Pedestrian Cross

There are two big junctions I have to cross on my way to work – outside Vauxhall Station and outside Kew Bridge – and both of them are of the annoying kind that are arranged so that it’s impossible for a pedestrian to get across them in a single phase of the lights. Instead we have to stand crammed on a tiny traffic island breathing in the foul soup of pollution from the cars sweeping past us wondering how many cigarette equivalent’s worth of carbon monoxide we’ve just ingested. There are never any junctions where the cars have to cross in two stages and the pedestrians just sail through. In reality the one at Kew Bridge isn’t really a pedestrian crossing at all. It’s just a great big traffic junction that sometimes, when the cars have to stop anyway to let the other cars through, it is possible for people to also cross and they’ve dressed this up with a little green man light and an entirely pointless button for us to press to pass the time while we’re waiting.

The one at Vauxhall is worse though. It’s willfully badly designed. I noticed this evening that one half of the crossing is a proper pedestrian controlled light where the cars are stopping simply for people, whereas the other half is part of a junction. So do the two bits join up so I can cross in one go? Do they bugger. Unless I’m prepared to take my life in my hands and run across three lanes of traffic I have to wait for a full cycle of the lights to cross both halves of the road. This is just perversely poor design on the part of the planners. It suggests they either didn’t think about what pedestrians might want – which is scary – or didn’t care, which is worse.

Why should pedestrians be treated with such contempt? Why should we be the ones that wait in the freezing rain* while car drivers – who are after all, sitting comfortably in their little worlds, music on, dry and cosy – whizz past? OK so it would cause gridlock if every junction had to halt completely to allow pedestrians to cross at their leisure – but what’s a little gridlock between friends? Maybe a few hours spent fuming in a traffic jam would persuade these people to get out of their tin boxes and join the rest of us in the real world for a change. After all, we pedestrians were here first.

South West trains clocked up a few minutes’ delay today but nothing as yet painful enough for me to start keeping track of it. But they should be warned.

And if my broadband isn’t sorted out by tomorrow, I’m naming names.

* OK so it wasn’t actually raining today but that’s not the point

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3 responses to “Pedestrian Cross

  1. You just know that the planners have probably never tried them for themselves.
    It’s interesting how your entries have changed. They’re still as entertaining as ever but I haven’t quite got used to them yet.
    As for your broadband it’s still crossed fingers is it ?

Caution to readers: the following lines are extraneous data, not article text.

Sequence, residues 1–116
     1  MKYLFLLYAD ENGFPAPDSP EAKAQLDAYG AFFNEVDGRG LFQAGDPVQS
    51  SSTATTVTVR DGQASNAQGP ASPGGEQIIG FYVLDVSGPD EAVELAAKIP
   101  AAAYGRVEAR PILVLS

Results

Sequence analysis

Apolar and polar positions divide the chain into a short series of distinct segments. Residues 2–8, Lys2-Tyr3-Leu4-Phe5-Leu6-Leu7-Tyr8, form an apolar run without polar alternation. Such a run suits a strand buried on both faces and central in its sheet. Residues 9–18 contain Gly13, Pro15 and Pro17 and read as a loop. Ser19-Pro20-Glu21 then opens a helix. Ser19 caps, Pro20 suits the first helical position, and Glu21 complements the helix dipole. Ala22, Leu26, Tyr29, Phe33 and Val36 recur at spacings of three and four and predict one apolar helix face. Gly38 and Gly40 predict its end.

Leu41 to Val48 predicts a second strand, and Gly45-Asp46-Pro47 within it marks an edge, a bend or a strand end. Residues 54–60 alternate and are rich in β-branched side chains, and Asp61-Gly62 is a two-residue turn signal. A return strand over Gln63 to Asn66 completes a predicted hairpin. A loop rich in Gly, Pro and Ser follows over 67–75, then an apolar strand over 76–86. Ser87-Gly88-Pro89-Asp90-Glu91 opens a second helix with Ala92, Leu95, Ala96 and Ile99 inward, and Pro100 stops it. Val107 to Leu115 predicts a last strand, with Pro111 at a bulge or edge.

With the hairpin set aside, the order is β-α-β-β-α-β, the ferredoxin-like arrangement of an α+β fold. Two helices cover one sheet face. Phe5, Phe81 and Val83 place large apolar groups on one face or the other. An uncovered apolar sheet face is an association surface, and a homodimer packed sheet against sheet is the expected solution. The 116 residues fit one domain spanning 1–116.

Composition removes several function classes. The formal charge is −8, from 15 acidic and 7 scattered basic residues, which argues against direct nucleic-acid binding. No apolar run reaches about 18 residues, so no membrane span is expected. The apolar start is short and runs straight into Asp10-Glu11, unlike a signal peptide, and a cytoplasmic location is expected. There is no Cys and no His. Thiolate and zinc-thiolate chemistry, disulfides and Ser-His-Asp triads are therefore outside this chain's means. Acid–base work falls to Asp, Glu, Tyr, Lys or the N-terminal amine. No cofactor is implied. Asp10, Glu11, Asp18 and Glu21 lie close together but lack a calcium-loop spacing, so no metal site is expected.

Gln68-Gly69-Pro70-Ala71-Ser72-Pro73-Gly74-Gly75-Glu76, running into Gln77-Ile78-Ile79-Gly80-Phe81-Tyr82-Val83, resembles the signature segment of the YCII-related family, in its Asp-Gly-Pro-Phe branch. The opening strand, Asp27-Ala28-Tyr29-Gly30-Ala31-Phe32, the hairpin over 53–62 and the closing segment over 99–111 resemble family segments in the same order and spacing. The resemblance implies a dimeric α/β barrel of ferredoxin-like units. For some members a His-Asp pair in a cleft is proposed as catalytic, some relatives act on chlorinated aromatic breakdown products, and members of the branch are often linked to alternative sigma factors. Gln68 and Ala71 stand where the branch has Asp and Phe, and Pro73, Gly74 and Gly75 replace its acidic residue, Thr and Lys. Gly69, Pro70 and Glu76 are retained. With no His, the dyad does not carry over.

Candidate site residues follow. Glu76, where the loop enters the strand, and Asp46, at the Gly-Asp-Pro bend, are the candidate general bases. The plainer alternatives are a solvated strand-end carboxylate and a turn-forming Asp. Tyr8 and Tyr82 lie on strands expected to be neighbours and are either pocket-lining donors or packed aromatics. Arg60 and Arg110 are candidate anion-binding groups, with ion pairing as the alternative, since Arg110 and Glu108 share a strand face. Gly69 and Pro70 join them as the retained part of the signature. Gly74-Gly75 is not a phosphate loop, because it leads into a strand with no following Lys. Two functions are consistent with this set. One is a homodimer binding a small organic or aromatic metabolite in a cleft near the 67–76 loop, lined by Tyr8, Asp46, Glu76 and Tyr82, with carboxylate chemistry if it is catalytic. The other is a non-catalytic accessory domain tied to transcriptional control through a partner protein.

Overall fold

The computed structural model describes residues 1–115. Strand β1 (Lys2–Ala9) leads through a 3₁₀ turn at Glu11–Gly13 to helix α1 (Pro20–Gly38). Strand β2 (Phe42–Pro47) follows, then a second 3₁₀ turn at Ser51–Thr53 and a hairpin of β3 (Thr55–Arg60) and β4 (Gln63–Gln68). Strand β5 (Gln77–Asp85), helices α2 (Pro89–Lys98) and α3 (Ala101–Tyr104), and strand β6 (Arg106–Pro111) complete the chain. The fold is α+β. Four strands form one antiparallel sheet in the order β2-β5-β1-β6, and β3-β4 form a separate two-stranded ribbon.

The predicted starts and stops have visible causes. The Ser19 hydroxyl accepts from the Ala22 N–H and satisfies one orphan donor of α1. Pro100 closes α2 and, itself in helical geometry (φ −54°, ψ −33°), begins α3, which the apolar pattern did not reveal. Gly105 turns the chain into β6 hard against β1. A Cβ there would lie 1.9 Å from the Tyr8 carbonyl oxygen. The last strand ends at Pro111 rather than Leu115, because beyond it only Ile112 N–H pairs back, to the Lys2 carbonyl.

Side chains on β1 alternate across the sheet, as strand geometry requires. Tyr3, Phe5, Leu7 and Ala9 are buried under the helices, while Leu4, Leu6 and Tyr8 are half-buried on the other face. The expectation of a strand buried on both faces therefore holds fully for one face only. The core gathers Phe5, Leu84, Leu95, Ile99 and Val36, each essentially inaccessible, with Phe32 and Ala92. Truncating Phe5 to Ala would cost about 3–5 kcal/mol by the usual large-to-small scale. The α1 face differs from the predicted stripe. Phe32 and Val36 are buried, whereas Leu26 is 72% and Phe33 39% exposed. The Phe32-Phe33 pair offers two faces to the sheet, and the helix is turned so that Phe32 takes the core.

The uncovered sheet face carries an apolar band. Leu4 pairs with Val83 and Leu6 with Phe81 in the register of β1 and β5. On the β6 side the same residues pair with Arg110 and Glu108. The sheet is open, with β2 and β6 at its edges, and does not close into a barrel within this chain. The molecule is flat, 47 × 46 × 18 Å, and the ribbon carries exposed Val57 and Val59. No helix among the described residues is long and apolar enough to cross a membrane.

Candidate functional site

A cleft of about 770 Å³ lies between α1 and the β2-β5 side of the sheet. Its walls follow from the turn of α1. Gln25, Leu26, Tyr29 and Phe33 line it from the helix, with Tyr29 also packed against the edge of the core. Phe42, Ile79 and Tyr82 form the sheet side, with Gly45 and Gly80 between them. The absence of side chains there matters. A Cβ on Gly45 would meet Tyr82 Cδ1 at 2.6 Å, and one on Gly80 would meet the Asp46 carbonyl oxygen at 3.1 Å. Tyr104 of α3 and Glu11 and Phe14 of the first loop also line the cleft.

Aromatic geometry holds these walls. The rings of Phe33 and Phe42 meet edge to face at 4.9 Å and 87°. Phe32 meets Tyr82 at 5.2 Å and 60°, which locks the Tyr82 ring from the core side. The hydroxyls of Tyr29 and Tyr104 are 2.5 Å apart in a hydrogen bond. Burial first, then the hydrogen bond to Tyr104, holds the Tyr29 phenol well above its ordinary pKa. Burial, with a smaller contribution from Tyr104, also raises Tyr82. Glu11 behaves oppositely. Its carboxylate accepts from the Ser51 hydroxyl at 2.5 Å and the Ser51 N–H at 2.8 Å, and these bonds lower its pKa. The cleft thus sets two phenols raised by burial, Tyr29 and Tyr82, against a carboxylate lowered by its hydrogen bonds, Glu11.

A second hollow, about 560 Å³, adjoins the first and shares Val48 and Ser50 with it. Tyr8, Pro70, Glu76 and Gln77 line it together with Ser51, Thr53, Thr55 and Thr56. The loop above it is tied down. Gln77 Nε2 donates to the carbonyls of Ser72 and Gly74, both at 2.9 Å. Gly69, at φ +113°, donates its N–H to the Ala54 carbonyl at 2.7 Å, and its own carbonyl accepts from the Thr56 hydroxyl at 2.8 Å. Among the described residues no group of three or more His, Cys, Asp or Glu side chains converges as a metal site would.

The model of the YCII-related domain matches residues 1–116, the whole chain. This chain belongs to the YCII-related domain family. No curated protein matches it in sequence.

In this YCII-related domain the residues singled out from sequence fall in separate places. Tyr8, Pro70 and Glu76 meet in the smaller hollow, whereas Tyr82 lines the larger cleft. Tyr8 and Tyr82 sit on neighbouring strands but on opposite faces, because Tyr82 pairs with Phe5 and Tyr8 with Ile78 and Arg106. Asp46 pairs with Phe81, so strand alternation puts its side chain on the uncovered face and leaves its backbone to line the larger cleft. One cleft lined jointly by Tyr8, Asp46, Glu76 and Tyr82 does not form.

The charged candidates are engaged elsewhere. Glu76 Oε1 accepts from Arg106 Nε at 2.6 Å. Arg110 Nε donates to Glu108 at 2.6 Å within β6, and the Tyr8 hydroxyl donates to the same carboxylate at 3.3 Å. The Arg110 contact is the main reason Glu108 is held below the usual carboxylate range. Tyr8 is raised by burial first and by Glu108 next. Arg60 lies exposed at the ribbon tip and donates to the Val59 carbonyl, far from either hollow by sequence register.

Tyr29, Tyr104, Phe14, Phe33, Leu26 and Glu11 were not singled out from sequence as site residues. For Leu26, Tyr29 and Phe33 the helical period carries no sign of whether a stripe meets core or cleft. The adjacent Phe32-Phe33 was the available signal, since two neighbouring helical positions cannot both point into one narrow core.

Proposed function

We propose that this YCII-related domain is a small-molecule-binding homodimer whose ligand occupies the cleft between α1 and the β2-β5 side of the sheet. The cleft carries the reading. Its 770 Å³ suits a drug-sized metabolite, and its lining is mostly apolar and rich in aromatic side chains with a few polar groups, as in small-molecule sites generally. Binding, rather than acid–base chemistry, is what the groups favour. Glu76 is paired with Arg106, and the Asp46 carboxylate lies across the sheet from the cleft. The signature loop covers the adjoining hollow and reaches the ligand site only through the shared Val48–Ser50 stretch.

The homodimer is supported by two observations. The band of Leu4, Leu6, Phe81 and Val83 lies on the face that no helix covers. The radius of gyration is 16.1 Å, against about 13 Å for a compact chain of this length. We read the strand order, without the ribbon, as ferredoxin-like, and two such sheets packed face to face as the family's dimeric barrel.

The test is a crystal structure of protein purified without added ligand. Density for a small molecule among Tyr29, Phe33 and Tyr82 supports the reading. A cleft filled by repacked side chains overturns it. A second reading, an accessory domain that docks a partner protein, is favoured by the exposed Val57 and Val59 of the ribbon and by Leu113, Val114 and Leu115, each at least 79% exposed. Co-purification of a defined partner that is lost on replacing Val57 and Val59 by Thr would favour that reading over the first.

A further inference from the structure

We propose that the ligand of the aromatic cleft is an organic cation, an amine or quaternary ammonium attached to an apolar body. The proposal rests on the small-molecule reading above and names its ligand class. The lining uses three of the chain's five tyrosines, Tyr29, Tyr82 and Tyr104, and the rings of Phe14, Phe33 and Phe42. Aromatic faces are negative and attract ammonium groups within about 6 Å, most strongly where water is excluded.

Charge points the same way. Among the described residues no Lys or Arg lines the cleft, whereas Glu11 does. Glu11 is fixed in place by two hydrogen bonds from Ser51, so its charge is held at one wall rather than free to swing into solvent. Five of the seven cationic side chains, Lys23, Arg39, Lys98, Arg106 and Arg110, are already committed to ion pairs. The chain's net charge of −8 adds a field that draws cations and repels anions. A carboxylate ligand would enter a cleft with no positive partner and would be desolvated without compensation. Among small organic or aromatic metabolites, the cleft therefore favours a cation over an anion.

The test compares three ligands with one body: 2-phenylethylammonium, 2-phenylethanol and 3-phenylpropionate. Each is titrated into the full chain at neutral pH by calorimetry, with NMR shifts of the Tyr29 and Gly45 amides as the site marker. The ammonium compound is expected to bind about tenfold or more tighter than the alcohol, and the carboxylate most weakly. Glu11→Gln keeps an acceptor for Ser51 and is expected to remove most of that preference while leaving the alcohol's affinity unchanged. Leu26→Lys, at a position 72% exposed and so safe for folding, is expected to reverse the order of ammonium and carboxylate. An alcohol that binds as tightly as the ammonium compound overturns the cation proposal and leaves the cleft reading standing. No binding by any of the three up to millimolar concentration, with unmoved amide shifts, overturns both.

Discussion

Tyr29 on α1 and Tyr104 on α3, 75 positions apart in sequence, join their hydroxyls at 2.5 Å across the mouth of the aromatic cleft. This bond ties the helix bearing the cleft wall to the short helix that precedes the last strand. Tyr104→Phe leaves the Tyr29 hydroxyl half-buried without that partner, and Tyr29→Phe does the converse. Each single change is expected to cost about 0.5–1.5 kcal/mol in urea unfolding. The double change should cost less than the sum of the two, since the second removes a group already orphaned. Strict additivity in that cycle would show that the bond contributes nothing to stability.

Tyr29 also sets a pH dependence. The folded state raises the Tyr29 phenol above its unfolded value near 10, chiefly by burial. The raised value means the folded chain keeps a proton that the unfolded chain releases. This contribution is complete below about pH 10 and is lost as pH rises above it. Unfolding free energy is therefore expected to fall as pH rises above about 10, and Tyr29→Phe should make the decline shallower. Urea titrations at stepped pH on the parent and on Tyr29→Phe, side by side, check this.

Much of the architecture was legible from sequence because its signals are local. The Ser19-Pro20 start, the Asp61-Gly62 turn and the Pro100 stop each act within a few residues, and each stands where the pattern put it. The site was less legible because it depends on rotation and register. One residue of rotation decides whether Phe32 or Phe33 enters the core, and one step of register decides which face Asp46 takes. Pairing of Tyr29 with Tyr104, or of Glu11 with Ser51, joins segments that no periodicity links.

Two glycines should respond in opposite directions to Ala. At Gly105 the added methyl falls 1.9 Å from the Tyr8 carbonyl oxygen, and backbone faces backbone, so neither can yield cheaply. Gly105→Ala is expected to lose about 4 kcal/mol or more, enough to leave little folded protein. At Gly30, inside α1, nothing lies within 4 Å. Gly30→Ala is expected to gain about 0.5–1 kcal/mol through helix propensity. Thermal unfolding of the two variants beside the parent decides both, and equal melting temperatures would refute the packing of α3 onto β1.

2. Vauxhall Cross, what a nightmare of a junction, it used to be chaos down there when it was being refurbised, I know what you mean about phased crossing, as I sometimes have to visit an office there, and use public transport.
    I still dread going through that junction when driving, though it is much better now that they’ve almost finished the road junctions.
    The Driving Instructor

  3. Now let’s not be stupid. In this day and age, cars are an unfortunate necessity that are more often than not trafficing tax paying workers to a detination that is unreachable by the confines of that joke ‘they’ call Public Transport. It just so happens that you are on the move at the same time as your fellow man on his/her way to work and hence notice the pollution causing congestion. Before you reply with a barrage of anger about the miss-use of cars, Ill state the obvious and say that a fair few drivers do not need to use their cars to maintain their daily routine and cause a large increase in traffic and pollution. But let me assure you, this also irritates the driver who is forced to sit in his ‘tin box’ within the polluted traffic jam. Then there are the irritating pedestrians. Now this is not a generalisation as now all pedestrians are annoying! But those that do not hurry across zebra crossings, those that cant be bothered to increase the dragging of their feet to a sensible walking pace to enable them to cross on the already present green man which makes the traffic stop twice as long as is necessary, those that press the green man and then walk off or cross through the already sat traffic, and worse still, those that cross in a completely random road position (which can actually consitute a jail sentence in the USA) should be banned from the pavement altogether.
    Secondly, Kew Bridge junction is a sensibly set out junction to cope with the amount of traffic from each direction and only really gets busy during rush hour.
    Let’s be more careful, hold the biased and think only of ourselves when writing our thoughts to an overly gullable society.

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